What hasn’t been said about Kirsten Flagstad? She was once famously called the greatest voice of the 20th century and her legacy certainly bears this out. There is a museum in her honor in her homeland of Norway and her picture appears on Norwegian Air Shuttle planes.
Born on July 12, 1895, in Norway, she received early musical training in Oslo and made her first recordings between 1913 and 1915. Slowly but surely she became a major singer in her native land and started finding success across Europe.
She actually started out singing lighter repertoire and operetta, but after a decade of singing this kind of music, she started to take on heavier roles. Her first Isolde in Wagner’s “Tristan und Isolde” came in 1932. She then appeared at the Bayreuth Festival and her legend became a reality.
The Metropolitan Opera quickly signed her on and many have even noted that her massive success there saved the company from looming bankruptcy. She would go on to perform all around the world, though she did prove a controversial figure during World War II as she decided to return to Europe to perform. This would hinder her chances of singing in American companies, but she eventually made her way back.
She famously gave the world premiere of Strauss’ “Four Last Songs” in her later years at the composer’s request.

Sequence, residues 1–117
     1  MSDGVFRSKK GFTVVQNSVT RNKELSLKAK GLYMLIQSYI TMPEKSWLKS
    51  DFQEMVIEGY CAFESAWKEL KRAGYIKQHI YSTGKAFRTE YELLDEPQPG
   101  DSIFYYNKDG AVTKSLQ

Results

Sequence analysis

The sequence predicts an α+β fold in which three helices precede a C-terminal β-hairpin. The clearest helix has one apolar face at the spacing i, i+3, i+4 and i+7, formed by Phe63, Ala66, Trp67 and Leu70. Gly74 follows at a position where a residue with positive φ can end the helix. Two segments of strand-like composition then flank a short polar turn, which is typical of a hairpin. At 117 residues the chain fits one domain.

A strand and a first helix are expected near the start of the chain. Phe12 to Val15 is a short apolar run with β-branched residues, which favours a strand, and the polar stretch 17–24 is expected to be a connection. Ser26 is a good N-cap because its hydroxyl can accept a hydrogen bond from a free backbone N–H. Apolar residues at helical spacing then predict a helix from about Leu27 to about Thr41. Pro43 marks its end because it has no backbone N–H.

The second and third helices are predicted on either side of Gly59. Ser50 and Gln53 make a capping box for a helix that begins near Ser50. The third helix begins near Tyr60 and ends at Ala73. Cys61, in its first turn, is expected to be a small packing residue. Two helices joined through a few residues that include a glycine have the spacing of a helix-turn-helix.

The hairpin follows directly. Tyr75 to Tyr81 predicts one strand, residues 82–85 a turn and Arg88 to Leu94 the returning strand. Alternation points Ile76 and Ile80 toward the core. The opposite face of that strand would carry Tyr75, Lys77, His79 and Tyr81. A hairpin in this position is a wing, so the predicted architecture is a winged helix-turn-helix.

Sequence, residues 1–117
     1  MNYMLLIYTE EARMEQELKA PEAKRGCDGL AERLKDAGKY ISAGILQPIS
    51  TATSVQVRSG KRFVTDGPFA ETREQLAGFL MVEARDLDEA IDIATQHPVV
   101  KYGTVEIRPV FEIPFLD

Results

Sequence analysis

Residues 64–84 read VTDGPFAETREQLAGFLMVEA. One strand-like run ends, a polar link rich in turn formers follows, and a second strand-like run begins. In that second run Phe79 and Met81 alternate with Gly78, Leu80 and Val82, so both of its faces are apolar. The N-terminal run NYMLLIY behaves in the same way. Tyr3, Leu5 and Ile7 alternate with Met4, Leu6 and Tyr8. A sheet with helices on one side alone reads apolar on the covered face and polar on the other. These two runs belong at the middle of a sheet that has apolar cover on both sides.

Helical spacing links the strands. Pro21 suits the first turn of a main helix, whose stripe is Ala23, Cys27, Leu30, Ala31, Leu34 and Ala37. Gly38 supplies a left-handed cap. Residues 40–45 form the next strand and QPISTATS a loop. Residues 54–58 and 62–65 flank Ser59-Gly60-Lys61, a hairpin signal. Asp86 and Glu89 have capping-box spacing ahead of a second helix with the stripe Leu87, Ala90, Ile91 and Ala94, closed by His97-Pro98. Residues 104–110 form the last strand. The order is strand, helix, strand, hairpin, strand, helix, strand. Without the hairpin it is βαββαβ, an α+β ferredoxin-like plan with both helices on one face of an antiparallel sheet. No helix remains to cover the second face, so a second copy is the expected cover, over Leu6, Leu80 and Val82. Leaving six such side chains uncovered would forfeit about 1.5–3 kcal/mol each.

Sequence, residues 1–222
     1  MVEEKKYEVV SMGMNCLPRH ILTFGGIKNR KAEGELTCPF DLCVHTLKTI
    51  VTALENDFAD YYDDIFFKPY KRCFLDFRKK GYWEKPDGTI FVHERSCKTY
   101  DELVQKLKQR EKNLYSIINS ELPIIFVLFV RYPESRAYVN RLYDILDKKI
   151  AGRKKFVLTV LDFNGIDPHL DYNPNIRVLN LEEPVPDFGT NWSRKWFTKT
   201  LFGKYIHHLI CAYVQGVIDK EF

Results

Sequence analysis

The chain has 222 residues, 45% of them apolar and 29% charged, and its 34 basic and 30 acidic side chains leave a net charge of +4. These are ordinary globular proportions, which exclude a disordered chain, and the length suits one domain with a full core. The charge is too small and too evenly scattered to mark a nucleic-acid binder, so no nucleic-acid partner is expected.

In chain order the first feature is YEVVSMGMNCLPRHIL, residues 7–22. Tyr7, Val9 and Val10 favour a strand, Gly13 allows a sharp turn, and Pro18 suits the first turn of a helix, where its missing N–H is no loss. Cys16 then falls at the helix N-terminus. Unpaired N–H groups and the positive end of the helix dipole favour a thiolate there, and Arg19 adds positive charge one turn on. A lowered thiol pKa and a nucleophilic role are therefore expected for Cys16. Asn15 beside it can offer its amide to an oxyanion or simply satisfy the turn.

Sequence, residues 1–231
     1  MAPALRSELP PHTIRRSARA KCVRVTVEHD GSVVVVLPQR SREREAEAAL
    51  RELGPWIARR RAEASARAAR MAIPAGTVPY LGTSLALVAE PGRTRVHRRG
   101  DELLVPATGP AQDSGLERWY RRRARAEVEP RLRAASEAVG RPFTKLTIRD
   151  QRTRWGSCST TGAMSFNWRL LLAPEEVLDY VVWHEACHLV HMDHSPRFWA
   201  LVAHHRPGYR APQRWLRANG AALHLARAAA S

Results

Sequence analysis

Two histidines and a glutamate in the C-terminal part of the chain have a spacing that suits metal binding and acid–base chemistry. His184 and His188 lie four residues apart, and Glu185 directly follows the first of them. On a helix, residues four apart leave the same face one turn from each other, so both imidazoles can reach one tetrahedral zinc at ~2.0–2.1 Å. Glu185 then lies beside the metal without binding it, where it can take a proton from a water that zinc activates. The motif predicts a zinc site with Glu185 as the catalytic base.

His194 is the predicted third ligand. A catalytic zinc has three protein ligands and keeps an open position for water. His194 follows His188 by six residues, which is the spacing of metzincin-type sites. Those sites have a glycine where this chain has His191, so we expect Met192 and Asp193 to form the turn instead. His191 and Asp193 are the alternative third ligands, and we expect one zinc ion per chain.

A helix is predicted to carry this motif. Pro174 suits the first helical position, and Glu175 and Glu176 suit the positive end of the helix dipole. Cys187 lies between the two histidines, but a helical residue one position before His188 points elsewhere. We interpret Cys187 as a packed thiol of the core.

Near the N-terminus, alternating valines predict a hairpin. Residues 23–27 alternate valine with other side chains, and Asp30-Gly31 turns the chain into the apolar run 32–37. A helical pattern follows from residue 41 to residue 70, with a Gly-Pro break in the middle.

She died in 1962 after losing her battle with bone marrow cancer. But her legacy lives on.
Flagstad might be considered the greatest Wagnerian in history. Her interpretations of Isolde and Brünnhilde are legendary and remain the benchmark that most aspire to.
“Isolde is a severe test for the voice,” Flagstad once stated about the role. “Either it can be completely destroyed, or it can grow, as mine did.” And she certainly did, becoming arguably the most famous exponent of the role in the most renowned recording of “Tristan und Isolde.”
She sang the role 70 times at the Met over an eight-year span, making Wagner’s “Tristan und Isolde” one of the greatest box office hits of the company’s history. Her interpretation was such a massive success that nine of her performances were broadcast on the radio on Saturday afternoons.
As for her Brünnhilde, she pretty much dominated the role in her time, taking away opportunities from other great sopranos of the time. It wasn’t until Birgit Nilsson showed up that anyone even questioned Flagstad’s status as the greatest exponent of the role.
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Watch and Listen
Learn more about the iconic soprano by watching this documentary.
And here she provides a lesson on singing Wagner.
But what you really want is to hear her sing. So here is perhaps the greatest recording of “Tristan und Isolde.” This recording has never been out of print.